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Pep Talk (re-hijacked)

 
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PostPosted: Sun Feb 06, 2005 1:44 pm    Post subject: Pep Talk (re-hijacked) Reply with quote

Archbishop wrote:
Alina I can understand your frustration. You've had a "bad day". Take a couple days off, make a new plan on paper for what YOU want to accomplish, then log back on and put your plan into action.

We've all had bad days. During the Venal Civil War I lost three Scorpions in 90 minutes. In the CFS War I lost so many ships I lost count and alot of skillpoints because I'd clone and forget to get a new one.

I've also been podded with Cruiser BPO's in my hold and lost them before the days of "Secure Cans". I think Joker's still have em!

Eve is what you make it. There will always be someone with more money, more combat skill, a bigger ship, more friends, more anything then you. What are you going to do about it? Quit in disgust or find your niche and embrace it?

I've played Eve since early beta yet if you pull me up you'll see I'm a seven month old character. I left for a couple months (health issues - cancer) and returned with a brand new character just to join the corp I'm in now (old guy was Caldari - no good in PIE). Talk about a handicap. Yet rather then quit in disgust because I couldn't "swim" with the "I've got 10m skillpoints in gunnery" crowd I found my own "niche" in combat and industry. I decided this is what I want and I am going to get it.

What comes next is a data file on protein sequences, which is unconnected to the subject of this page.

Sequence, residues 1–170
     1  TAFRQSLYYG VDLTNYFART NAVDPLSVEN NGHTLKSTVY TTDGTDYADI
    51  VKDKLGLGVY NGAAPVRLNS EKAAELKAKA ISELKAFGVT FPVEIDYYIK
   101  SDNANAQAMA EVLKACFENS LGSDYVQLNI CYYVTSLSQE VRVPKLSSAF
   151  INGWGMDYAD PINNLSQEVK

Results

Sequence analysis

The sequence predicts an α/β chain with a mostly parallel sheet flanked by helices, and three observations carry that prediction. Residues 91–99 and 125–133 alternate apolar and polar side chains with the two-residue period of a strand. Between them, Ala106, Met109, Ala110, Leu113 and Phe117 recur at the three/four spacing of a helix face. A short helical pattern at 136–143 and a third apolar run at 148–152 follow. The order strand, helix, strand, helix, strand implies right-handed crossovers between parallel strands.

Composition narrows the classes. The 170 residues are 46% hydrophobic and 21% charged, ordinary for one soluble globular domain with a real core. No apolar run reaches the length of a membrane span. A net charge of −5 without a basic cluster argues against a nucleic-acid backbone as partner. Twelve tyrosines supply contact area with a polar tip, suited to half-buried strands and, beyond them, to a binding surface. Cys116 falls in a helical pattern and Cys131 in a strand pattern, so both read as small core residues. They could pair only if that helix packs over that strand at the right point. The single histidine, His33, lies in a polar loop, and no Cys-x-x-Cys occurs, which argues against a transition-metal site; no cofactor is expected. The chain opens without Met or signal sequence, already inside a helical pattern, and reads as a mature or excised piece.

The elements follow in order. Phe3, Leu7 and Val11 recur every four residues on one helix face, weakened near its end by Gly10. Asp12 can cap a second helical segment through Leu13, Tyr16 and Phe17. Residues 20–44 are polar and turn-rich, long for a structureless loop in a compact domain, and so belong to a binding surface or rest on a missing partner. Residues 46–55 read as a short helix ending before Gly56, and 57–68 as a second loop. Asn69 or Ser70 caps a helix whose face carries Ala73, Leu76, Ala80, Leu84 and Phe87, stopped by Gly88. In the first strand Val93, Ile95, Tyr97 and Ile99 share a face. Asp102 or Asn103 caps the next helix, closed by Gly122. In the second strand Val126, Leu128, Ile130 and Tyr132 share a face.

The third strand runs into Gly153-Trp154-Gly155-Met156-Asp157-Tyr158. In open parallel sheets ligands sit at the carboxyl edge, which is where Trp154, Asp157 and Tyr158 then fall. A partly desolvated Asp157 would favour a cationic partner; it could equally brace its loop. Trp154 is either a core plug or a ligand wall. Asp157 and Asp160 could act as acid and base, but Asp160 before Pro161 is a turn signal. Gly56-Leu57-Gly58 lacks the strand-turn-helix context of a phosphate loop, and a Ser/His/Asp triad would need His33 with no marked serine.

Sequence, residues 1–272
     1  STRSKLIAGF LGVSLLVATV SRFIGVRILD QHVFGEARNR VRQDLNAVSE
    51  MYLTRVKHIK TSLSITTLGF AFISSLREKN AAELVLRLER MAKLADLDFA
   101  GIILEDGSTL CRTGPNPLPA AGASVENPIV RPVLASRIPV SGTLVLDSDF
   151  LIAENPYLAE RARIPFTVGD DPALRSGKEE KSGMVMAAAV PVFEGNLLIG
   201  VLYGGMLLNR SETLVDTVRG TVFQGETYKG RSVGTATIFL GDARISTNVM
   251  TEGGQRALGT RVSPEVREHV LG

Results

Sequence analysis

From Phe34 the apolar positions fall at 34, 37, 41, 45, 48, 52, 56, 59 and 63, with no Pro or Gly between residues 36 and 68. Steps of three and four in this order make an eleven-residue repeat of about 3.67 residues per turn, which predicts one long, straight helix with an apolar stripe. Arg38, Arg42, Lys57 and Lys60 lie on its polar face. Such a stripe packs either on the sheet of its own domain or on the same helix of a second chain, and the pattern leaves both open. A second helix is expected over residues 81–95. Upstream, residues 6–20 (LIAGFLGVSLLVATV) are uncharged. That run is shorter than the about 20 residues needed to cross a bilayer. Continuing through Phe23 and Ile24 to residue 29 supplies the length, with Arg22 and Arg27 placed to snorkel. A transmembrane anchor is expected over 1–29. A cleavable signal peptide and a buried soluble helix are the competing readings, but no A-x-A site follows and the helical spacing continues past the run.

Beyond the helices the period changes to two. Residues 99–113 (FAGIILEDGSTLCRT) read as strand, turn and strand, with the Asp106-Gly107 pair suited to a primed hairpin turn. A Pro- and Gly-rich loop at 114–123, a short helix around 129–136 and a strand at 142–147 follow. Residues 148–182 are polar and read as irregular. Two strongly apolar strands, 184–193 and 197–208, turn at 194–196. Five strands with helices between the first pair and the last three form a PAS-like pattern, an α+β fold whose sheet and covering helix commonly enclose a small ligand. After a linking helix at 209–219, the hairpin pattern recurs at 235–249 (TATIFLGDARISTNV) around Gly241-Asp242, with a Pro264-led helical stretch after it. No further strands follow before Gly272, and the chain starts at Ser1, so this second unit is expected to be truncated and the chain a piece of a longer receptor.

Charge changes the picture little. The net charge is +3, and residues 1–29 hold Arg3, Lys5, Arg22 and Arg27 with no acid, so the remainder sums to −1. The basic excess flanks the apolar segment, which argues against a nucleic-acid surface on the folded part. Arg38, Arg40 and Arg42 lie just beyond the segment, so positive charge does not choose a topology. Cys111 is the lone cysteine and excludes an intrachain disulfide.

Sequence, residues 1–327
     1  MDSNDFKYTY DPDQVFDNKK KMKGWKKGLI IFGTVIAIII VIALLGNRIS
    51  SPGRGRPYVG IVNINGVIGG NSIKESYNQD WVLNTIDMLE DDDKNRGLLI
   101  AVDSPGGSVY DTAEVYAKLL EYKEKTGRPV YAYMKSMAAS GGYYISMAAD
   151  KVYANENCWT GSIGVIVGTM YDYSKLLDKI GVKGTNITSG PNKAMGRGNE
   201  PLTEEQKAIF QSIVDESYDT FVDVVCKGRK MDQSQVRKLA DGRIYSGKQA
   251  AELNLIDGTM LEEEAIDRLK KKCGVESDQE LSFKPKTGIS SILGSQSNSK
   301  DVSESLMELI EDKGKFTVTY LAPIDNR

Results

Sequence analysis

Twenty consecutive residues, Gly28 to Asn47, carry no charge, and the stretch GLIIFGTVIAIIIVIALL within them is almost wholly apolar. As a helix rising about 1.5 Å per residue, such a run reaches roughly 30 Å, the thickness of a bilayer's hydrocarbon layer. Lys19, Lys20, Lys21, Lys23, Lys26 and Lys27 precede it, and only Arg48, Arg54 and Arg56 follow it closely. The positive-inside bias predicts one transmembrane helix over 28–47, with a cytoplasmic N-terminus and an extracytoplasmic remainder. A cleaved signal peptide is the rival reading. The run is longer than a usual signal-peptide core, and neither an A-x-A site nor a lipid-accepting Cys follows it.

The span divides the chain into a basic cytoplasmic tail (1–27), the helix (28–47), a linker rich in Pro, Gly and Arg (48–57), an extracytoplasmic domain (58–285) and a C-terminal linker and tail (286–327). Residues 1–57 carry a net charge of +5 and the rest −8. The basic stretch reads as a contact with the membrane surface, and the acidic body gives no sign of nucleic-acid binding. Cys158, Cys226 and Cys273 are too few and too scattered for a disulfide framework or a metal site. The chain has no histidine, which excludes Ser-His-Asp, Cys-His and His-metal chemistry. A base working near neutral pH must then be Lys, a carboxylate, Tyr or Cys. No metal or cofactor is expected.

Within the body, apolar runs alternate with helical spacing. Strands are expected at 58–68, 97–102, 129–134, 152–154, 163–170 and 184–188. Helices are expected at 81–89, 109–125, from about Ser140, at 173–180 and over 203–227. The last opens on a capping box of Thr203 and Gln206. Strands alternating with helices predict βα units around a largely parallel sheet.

The point is I found a niche and embraced it. You can do the same thing. What do YOU want out of Eve? What do YOU want to achieve? Make your list then live your list.

Bad days will come and go but so will the good ones. Good ones that outshine any "twentyfour hours of hell". Take it from someone who has lost it all more than a few times and bounced back. Its a fight worth fighting and a life in Eve worth living.
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PostPosted: Sun Apr 17, 2005 7:36 pm    Post subject: Devil's Advocate Reply with quote



Sleazy Cabbie wrote:
I take a different view of the whole corp war thing.

War is a waste of resources, but it can be fun too, the shortcomings of pvp in Eve is that someone can shove it down your throat.

To me, there are times I want to fight, and times I want to chill, but any band of pr1cks can come along and force you to fight just by being in a corp.

I don't really understand the need to drag people into pvp kicking and screaming. If all of 0.0 were as it is now, and all of .1 to 1.0 were patrolled by concord, with no corp wars, everybody would still be able to do what they wanted.

You want to pvp, go to 0.0. But no, instead of going there, you want to come to empire to kill miners and producers.

Open up the map and look at "ships killed in the past 24 hours" you see the whole inner sphere is blood red, while 0.0 is calm.

The premise of the game is a lie.

0.0 is supposed to be a warzone but it's a heavily patrolled and policed. 1.0 is supposed to be safe, but any band of pirates can just declare your corp and pirate you that way. Low sec is supposed to be more secure than 0.0 but its the most dangerous area of the game.

The way I see it right now, Eve is %100 pvp, there is no "carebear area." The killers and gankers have zero risk. Even if you lose your ship, it's mostly insured, and you can hunt rats making money while looking for victims.

The miners and producers have ALL the risks. Try hauling a load of goods worth a few hundred mil through lowsec, you need a big pair of brass balls to risk a few hundred million isk.